Grace Jones’ younger sister, a hard-bitten boxer, a prima ballerina and a Rastafari Santa; fashion photographer and filmmaker Bruce Weber definitely didn’t create the usual Christmas campaign for Selfridges, instead he made one which spreads the message of Christmas joy, love and happiness over Oxford Street in a surprisingly refreshing way.

The ‘Not your usual Christmas’ campaign that is showcased in the display windows of the iconic department store, was inspired by Selfridges’ creative director Alannah Weston’s childhood dream of being locked up in a department store at night. The inventive costumes were styled by Bay Garnett. For sure there are some scenes on display that would bring out the nostalgia among every one of us, such as luxuriating in the security of your home-made tent (although few of us would actually be able to create such a romantic instagram-picture-ready castle as is featured in the campaign imagery) or a sleigh ride fantasy. But even though the whimsical photographs are full of magical holiday moments, they do have the eccentric and quirky Weber touch to it, which ensures the word ‘cliché’ wouldn’t even come close to popping up in your mind.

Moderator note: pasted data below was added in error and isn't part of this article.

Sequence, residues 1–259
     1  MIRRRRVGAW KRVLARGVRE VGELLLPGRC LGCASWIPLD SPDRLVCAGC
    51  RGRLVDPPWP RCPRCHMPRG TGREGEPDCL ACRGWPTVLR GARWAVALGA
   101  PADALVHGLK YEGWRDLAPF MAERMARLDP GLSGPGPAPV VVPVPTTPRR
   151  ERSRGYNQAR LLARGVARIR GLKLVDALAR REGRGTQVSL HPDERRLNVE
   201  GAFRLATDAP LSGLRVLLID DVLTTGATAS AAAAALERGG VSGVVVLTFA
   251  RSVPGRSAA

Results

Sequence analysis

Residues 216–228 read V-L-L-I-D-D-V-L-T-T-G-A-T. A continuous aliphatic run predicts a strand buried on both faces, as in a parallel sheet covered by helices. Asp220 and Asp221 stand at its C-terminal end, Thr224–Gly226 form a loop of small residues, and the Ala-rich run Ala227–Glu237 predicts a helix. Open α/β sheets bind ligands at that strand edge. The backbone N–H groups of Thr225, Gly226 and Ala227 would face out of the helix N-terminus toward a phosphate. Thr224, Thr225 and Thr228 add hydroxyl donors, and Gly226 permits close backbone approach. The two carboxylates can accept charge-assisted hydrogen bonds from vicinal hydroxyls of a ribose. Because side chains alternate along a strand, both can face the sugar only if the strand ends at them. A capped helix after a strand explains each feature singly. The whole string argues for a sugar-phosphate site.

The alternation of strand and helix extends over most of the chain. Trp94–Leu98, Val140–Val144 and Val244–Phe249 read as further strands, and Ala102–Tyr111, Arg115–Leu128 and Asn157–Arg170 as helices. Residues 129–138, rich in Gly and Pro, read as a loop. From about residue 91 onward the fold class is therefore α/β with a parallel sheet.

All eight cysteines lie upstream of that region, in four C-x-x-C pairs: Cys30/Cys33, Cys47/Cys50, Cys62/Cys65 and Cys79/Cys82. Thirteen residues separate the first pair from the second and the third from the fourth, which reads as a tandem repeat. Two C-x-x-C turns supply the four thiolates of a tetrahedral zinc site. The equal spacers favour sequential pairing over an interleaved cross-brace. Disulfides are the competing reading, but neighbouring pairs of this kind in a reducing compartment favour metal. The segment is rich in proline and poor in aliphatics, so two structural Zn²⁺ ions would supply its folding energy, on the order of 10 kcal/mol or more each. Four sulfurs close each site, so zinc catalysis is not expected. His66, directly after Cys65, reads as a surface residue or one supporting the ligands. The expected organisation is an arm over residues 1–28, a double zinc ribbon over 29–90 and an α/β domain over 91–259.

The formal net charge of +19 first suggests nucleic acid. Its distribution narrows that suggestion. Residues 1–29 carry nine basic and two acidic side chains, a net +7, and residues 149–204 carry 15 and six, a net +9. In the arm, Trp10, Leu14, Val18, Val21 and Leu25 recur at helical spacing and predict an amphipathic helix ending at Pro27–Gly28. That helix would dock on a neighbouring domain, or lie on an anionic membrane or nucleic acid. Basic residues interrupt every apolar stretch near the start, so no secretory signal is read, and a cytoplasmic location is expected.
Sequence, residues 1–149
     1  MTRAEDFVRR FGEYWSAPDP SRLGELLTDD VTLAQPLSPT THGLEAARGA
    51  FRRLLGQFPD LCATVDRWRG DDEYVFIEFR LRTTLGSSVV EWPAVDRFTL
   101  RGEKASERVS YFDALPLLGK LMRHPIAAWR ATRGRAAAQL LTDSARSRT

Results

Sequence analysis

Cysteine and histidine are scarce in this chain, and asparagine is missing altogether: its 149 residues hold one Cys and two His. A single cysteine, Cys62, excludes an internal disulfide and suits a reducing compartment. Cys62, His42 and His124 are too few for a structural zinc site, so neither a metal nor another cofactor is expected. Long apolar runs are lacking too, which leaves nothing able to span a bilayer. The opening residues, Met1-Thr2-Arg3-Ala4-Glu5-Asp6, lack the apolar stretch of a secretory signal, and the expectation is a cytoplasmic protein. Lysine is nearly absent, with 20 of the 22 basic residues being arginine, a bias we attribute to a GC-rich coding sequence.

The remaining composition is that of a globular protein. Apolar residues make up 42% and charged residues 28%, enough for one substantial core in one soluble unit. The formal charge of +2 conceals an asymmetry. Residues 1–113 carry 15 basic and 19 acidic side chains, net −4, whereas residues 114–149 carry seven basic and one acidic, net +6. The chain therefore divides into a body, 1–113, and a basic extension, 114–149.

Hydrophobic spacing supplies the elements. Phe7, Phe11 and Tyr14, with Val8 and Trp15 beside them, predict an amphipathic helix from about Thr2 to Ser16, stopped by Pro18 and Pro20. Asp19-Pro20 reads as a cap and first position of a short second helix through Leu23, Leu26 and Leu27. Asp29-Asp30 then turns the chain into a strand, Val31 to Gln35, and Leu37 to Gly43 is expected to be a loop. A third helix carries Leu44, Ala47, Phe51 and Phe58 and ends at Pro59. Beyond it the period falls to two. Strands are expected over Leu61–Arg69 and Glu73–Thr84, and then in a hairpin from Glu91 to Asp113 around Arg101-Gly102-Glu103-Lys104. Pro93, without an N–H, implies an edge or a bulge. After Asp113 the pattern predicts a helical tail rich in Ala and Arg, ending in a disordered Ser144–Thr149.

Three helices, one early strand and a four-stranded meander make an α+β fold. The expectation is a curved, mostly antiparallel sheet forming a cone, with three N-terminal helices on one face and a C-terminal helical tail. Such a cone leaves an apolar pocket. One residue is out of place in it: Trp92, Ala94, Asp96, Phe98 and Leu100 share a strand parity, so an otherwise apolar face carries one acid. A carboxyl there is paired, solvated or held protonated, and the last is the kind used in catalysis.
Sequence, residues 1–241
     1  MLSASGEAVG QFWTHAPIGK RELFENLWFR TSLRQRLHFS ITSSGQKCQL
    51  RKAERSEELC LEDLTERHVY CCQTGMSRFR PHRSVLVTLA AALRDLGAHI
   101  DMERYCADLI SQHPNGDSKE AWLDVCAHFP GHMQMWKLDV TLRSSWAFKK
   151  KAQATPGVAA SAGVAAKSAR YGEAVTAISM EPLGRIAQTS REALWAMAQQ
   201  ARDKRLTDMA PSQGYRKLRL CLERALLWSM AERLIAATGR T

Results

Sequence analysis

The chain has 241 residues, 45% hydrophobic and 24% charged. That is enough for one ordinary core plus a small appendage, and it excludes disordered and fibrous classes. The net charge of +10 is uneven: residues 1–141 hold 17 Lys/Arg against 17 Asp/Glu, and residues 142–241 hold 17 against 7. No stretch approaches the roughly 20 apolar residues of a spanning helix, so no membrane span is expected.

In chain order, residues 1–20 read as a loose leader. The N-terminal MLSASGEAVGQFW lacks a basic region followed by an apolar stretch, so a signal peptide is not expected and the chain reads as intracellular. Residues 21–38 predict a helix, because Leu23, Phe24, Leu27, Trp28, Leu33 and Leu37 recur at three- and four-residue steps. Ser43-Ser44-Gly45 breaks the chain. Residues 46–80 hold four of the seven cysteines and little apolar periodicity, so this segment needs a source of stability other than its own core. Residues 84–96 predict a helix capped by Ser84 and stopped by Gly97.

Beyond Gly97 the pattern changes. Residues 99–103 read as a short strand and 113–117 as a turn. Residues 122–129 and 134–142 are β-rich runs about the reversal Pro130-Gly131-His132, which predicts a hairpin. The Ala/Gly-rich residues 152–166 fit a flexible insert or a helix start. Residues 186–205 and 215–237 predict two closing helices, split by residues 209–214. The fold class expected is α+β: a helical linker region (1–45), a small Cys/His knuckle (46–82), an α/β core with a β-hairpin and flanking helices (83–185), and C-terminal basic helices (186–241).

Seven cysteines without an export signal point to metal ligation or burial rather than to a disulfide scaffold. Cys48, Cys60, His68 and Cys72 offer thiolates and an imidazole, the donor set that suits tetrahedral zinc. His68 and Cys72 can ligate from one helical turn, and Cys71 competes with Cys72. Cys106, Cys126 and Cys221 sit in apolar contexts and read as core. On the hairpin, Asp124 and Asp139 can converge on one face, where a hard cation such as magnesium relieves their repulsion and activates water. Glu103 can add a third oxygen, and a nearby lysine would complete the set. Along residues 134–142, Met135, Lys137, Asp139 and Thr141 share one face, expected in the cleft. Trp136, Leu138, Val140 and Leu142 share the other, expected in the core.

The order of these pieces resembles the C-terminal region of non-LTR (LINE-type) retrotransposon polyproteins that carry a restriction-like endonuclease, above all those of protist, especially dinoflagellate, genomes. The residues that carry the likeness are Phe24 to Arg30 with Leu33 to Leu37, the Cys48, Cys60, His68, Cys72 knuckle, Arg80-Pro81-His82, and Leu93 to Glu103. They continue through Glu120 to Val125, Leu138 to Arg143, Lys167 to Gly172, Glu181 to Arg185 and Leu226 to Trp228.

One of Selfridges’ windows is even transformed into a pop-up cinema in which the atmospheric campaign video ‘Have yourself a Count Basie Christmas’ is full of atypical characters and unusual settings to astonish the passer-by. While the tough features of the boxer soften under the gentle care of the flamboyant showgirl as she tenderly camouflages his black eye, the ballerina who just ran away from Swan Lake chases her first love around a giant black patent leather pump that reaches higher than a proper Christmas tree.

You can also take a bit of this unconventional Christmas home, and support the charity Kids Company at the same time, by purchasing an exclusive T-shirt designed by Weber himself, bearing a hand-drawn Christmas tree and the slogan ‘give something to somebody that has never had a Christmas’. A lovely sentiment and a nice one to keep in mind rather than get engulfed by the traditional spending madness.

Available from the Concept Store priced at £20, 100% of profits will go to the charity Kids Company, which operates through two street level centers, as well as conducting therapeutic and social work services in over 40 schools. They create a unique, ‘wraparound’ model of care for each child.

Words by Juliette Sijnja

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Alannah Weston, Bay Garnett, Bruce Weber, Juliette Sijnja, Selfridges,